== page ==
During Monday night’s Charlottesville City Council meeting, all five councilors voted to fund an eviction prevention pilot program through Legal Aid Justice Center. It was just in time: The national eviction moratorium expires in just over a week, on July 31.

The $300,000 allocation from the city’s American Recovery Act funds “is a start,” said Councilor Sena Magill in an interview after the meeting. “What council voted for was for money to help fund eviction help” in the form of educating tenants (and landlords) on tenants’ rights, on rental assistance programs and, in some cases, courtroom counsel.  

What the council did not vote for is a right to counsel program for eviction proceedings, which was the initial request made in April by the Charlottesville’s Human Rights Commission.

“I was delighted that the city recognized the importance of this issue and allocated money toward it,” said Mary Bauer, an attorney and chair of the Human Rights Commission.

“At the same time, I keep hearing that Charlottesville is the first city in the South to adopt right to counsel, and that is, unfortunately, wrong. We have not adopted a right to counsel. We have allocated some money to allow some percentage of tenants to have lawyers in eviction proceedings that wouldn’t have had them previously, and that’s great. But it’s not the same thing as right to counsel,” for two reasons, Bauer added.

One, $300,000 is not nearly enough money to ensure that every person who needs counsel or assistance in an eviction proceeding can receive it. The HRC’s initial request was for $460,000 for one year, and even that amount was likely too little, Bauer said, in large part because it was based on eviction data pre-pandemic. When the eviction moratorium expires next week, eviction filings are expected to skyrocket as the economic fallout caused by the pandemic continues.

“And two,” Bauer continued, “there’s no right codified in law that says people have the right to a lawyer in an eviction proceeding.”

Two days after the vote, the Legal Aid Justice Center issued a statement expressing its gratitude for the City Council and other allies’ “commitment to housing justice” and applauding the council’s vote to allocate funds to an eviction prevention pilot program.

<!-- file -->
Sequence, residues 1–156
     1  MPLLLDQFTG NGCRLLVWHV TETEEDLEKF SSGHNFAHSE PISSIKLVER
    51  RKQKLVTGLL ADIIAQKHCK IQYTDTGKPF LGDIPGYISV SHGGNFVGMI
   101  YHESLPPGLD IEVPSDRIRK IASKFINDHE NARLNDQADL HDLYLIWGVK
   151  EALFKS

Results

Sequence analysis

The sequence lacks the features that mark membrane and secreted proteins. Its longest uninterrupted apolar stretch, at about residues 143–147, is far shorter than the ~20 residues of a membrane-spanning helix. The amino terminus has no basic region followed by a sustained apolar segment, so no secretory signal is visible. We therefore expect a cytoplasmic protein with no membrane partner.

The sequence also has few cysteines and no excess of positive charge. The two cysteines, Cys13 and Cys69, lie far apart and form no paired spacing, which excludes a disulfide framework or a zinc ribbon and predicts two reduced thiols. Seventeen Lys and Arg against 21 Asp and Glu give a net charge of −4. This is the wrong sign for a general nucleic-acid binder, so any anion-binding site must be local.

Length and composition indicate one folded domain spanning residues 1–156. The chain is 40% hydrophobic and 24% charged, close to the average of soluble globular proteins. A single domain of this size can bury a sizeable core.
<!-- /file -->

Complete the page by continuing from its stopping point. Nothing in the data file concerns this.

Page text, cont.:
“It is our understanding that the intention of the City’s program is to expand direct legal services to address the immediate crisis while also building long-term strategies for preventing eviction and displacement over the long-term,” the statement continued. “If paired with a match from Albemarle County, the program would run for three years. We would like to clarify that the level of funding appropriated is insufficient to guarantee counsel for all those facing eviction. A true right-to-counsel program that provides full representation to 100% of individuals and families facing eviction would take a massive amount of additional resources and still would not change the underlying dynamics of the lack of affordable housing options. Right to counsel would also require legal, policy and procedural changes, some of which may require state-level action that embeds shelter as not just a human right but also a legally protected one.”

A right to counsel program would need more than just ample funding. “It’s a bigger lift that requires more resources and change,” said Councilor Michael Payne, who agreed with Magill that this is just a start. Both councilors also hope to see Albemarle pitch in, as well, as mentioned in the LAJC statement.